Having held so, however, we may add that under the scheme of the Indian Income Tax Act, where the Government of India has entered into an agreement, with the Government of any country outside India for granting of relief, or as the case may be, for avoidance of double taxation, then, in relation to the assesses on whom such agreement applies, the provisions of this Act shall apply only to the extent they are more beneficial to that assesses. The provisions of tax treaties thus override the provisions of the Income Tax Act, except to extent provisions of the Income Tax Act are beneficial to the assesses. The taxability under demesne law is thus to be examined in conjunction with the provisions of the cab’s tax treaty. The next question that we need to examine, therefore, is whether the status of taxability of this income under the provisions of the India UK tax treaty.

4.5 In the case of Ashapura Minichem Ltd., it has been held by the ITAT, Mumbai that the services rendered outside India and utilized by an Indian assessee will chargeable to tax in India.

In view of the foregoing discussion it is clear that the case of the assessee is squarely covered under the provision of section 9 of the Income-tax Act, 1961.”

3.2 In view of the above, the Assessing Officer held the assessee in default for non-deducting tax at source on the export commission and consequently, in default under section 40(a)(i) of the Act and held the assessee liable for disallowance of such export commission of ₹ 1,16,99,172/-paid by the assessee to M/s Ace, France. The Ld. CIT(A) also upheld the finding of the Assessing Officer. Aggrieved, the assessee is before the Tribunal raising the grounds as reproduced above.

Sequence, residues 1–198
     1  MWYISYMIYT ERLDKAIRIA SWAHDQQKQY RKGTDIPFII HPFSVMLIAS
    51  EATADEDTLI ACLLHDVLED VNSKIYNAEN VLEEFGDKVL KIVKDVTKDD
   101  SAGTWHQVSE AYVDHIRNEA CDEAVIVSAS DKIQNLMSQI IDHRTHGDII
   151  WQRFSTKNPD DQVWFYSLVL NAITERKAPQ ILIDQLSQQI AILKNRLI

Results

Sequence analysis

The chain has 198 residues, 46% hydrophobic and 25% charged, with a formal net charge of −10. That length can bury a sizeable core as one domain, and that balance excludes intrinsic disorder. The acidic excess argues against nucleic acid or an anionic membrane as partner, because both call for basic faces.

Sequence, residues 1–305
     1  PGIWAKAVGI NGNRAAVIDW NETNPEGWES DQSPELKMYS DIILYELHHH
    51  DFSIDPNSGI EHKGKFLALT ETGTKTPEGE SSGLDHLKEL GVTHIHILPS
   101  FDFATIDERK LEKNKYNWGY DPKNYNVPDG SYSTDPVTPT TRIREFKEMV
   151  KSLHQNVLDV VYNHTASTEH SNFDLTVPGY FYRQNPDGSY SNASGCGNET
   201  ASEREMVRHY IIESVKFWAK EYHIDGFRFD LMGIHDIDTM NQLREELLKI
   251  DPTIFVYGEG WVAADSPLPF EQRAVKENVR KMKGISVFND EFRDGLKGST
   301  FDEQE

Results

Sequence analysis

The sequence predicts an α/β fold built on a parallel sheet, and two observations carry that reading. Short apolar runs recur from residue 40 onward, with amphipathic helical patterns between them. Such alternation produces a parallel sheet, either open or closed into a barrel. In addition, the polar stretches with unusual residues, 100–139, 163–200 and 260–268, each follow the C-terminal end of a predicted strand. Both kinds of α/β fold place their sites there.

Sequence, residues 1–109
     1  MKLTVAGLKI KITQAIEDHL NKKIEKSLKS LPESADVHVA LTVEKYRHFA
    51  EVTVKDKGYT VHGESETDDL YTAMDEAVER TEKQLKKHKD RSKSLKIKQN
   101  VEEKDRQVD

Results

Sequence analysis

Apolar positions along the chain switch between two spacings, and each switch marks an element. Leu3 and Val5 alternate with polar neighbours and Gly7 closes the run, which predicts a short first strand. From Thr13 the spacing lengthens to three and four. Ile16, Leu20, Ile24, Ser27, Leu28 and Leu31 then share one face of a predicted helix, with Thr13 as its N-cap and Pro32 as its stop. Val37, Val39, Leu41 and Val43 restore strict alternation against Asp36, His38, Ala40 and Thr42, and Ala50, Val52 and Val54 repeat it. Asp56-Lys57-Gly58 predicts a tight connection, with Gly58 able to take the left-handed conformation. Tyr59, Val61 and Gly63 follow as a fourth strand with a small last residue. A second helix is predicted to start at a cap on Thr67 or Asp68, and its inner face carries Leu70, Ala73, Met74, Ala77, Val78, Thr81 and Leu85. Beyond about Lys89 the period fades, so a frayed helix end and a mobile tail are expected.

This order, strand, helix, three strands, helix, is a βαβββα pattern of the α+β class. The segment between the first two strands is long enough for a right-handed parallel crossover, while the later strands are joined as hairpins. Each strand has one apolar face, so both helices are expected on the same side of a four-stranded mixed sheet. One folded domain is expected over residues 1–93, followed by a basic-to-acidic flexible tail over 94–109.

3.3 Before us, the Learned Counsel of the assessee relied on the order of the Tribunal in the case of the assessee for assessment year 2010-11 and submitted that commission paid to same party on export sales has been held to be income not chargeable to tax in the hands of said agent in India and, therefore, there  as no requirement of deducting TDS at source. Hence, the disallowance under section 40(a)(i) of the Act deleted by the Learned CIT(A) was upheld by the Tribunal in AY 2010-11. According to the assessee, there is no change in facts and circumstances as were in assessment year 2010-11 and therefore case of the assessee is fully covered by the decision of the Tribunal (supra). On the contrary, the Learned DR submitted that separate agreement has been made for the year under consideration and in view of the Explanation inserted by way of Finance Act, 2010, if the services are utilized in India then irrespective of services rendered outside India, the income is chargeable in India under domestic law.

3.4 We have heard rival submission of the parties on the issue in dispute and perused the relevant material on record. We find that the non-resident ‘M/s Ace’ was engaged for procuring export order for the assessee in territory of France and commission has been paid on the export sales, which were procured through said agent. The assessee has made agreement with said agent every year, though scope of the services remained same. The Learned DR could not bring before us any evidence as regard to change of scope of services rendered by the said agent in the year under consideration as compared to earlier year. The assessee has enclosed agreement with said agent on pages 82 and 83 of the paper-book. According to those agreements, the rate of the commission was 9% for the period from 01/04/2011 to 30/09/2011 and 10% for the period from 01/10/2011 to 31/03/2012. In the assessment year 2010-11, the said rate of the commission was 8% as noted by the Tribunal in ITA No. 4142/Del/2015. In the assessment year 2010-11, the Tribunal (supra) has dismissed the appeal of the Revenue challenging deletion of disallowance in terms of section 40(a)(i) observing as under: